Newspaper Page Text
$t jifanctre fionnts tralb
TEEMS: $2.00 Per Tear in Advance.
O IT IT I C El i
In Stimson's new building on Main Street
Opposite Court House Square.
masonic Directory for Fayette County,
Unto, lor ;t lie Year 187S.
r ATETTE LODGE, NO. 107, V. A. M.
Officers: H. I.. Robinson. W. M.; C. S. Sny
der, S. W.; T. J. Lindi-ev, J. W.: D. Fartwanger,
Treasurer: B. H. Miftikan, Secretary: H. E.
Browne, 9. D.; II. I). Furseil. J. D.; O. T. Gun
ning, Jesse Arnold, Stewards : Wm. H. Hammer,
Tvler: Mills Gardner, Maat. Cer.: R. A. Kobinson.
O'nranist; J. P. Patterson, Chaplain. Prudential
Committee S. F. Johnson, L. C Mallow, I. turt
FLOOMINGBL BO LODOB NO. 443, F. A. M.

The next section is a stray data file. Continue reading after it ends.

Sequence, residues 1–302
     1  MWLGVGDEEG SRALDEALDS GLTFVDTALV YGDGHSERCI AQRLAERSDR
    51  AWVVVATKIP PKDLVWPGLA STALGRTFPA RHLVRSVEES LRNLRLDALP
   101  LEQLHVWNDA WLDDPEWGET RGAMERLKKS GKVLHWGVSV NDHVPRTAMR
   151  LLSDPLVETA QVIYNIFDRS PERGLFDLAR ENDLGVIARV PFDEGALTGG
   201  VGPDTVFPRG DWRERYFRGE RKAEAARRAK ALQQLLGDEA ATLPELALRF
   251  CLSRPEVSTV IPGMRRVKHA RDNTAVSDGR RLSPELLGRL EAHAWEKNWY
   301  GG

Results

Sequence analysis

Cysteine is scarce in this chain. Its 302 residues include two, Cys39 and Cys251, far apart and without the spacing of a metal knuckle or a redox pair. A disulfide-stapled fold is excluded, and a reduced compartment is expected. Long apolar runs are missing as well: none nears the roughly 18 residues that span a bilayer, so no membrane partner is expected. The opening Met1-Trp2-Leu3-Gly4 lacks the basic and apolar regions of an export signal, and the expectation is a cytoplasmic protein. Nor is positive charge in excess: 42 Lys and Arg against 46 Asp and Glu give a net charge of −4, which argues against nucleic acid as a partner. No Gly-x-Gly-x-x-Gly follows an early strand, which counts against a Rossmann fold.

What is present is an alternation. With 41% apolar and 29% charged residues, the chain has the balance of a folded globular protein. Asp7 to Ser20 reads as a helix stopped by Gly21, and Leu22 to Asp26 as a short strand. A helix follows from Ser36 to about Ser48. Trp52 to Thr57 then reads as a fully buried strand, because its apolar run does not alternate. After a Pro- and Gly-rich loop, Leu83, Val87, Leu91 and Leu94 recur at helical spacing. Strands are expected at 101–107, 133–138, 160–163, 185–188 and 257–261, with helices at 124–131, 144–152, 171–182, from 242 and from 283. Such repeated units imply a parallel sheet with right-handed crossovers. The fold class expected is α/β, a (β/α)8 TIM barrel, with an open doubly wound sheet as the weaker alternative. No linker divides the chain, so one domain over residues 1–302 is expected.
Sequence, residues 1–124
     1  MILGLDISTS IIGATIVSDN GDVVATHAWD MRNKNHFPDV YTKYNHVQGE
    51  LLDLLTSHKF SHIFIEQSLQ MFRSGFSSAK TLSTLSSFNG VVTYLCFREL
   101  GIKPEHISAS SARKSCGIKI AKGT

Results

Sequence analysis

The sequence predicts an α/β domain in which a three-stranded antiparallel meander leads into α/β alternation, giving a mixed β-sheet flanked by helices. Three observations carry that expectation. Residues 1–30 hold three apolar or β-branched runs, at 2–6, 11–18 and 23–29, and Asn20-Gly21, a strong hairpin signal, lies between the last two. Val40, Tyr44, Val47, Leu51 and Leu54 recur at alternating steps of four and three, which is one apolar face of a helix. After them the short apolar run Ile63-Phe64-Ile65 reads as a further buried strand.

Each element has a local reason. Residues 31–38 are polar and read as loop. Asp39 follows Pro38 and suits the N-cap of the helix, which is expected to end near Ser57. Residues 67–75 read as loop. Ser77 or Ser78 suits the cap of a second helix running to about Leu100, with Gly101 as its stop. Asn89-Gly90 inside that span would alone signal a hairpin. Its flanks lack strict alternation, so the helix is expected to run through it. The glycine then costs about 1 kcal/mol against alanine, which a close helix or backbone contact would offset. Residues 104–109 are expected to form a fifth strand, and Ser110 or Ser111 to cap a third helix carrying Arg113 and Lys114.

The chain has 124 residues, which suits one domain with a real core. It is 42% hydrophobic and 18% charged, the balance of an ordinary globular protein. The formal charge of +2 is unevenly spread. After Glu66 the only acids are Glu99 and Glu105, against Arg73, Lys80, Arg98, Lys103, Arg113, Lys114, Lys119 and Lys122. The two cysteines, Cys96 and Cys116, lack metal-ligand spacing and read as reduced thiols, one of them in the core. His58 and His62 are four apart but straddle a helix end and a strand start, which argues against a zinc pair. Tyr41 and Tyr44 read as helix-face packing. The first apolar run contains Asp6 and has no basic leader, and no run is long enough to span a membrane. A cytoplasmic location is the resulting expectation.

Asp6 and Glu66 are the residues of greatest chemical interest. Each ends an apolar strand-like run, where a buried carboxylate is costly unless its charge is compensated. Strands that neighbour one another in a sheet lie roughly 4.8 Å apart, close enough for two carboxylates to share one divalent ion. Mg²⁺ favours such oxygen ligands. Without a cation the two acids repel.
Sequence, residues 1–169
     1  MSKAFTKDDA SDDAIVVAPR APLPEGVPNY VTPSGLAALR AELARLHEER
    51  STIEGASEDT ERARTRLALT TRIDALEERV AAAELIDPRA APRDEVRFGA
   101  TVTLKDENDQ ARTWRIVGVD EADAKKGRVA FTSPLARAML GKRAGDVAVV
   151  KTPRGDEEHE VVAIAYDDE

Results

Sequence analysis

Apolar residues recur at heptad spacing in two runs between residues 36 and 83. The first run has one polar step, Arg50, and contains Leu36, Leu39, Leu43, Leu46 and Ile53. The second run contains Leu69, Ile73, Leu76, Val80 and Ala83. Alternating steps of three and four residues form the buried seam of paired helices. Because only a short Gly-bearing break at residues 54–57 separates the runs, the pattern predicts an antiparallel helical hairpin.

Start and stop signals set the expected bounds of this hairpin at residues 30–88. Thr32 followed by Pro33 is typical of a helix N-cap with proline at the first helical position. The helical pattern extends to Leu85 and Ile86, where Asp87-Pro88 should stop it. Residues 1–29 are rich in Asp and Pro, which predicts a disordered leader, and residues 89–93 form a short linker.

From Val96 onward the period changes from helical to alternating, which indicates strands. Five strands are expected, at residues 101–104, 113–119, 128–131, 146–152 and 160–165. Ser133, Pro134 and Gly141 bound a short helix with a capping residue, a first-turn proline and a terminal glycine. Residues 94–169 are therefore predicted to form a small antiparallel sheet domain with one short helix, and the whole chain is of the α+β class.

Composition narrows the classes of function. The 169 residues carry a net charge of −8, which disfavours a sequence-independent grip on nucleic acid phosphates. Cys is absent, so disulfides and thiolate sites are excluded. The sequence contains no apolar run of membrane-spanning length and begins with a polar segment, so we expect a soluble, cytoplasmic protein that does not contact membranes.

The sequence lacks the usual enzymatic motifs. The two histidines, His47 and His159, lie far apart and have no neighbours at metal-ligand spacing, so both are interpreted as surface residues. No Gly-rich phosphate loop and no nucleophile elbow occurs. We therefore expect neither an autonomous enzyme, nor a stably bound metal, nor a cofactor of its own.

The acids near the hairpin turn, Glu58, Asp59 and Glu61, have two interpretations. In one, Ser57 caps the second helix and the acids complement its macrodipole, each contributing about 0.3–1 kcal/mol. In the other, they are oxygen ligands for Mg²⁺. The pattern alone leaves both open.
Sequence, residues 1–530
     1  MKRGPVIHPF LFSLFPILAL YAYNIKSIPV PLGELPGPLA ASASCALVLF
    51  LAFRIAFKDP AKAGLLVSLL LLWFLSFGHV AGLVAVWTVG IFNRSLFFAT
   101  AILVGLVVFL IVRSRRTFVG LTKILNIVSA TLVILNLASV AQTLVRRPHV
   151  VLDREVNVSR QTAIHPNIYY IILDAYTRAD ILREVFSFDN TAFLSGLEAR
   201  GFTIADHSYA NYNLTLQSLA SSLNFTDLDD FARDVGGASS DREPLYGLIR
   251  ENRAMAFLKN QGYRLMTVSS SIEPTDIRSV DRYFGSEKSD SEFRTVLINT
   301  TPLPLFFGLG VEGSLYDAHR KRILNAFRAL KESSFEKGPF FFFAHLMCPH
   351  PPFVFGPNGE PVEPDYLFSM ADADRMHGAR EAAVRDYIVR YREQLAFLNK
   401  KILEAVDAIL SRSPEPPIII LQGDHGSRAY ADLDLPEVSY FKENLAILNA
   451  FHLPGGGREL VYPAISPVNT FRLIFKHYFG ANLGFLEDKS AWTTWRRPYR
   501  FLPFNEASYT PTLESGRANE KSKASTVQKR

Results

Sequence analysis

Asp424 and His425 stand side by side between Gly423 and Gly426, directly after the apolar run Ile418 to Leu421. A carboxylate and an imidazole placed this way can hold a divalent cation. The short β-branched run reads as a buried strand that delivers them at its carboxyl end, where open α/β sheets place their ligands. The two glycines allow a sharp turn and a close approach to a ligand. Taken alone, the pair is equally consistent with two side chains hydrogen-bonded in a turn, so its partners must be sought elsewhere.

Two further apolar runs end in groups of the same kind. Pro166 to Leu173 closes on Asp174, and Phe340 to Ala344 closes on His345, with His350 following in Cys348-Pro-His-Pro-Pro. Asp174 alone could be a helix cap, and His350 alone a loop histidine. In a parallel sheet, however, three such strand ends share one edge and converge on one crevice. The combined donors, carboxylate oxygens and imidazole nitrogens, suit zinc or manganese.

Officers: A. B. Elliott, W. SI.; William Clark,
S. W.; Win. M. Jones, .1. W.; J. M. McCoy. Secre
tary; Henry Casey, Treasurer; Chaa. steube, S.l).;
John N. liniwn, J. D.; Wm. Noble, Wm. Squier,
Stewards; J. M. Adams, Chrplain: Tu. Delengrer,
Tyler. Prudential Committee 1. M. Hays, John
W. Uodgera, Harry Crow.
JEFFEBSONTII.I.E LODGE MO. 468, 9. A. M.
Officeks: J. W. Roebuck, W. M.; G. L. Bush,
B. W.; J. T. Lott, J. W.; C. W. Gray. Treasurer;
O. V. Creamer, Secretary; L.. A. Elster, S. IX; C.
R. Marshall. . I. I.; Urban Hidy, George Miller,
Stewards; Abel Armstrong, Chaplain; W m. Wood,
rATETTE'CHAFTEK NO. 103, ROYAL ABCH MASONS.
Officeb8:-J. M. McCot, High Priest; B. Milli
kan. King; Milo Rockwell, bcribe; J. P. Patter
aon, C. H.; W. W. Savage, P. S.; H. K. Browne,
K. A. C; C. S. Snvder, l. M. 3d V.; H. D. Pursell,
;. M. id V.; I,. Y. Grubbs, G. M. 1st V.; W. C.
Tanzey, Treasurer; H. L. Robinson, Secretary; W.
H. Hammer, Guard.
EXY COMMANUKRT NO. 28, KNIGHT TEMPLAR.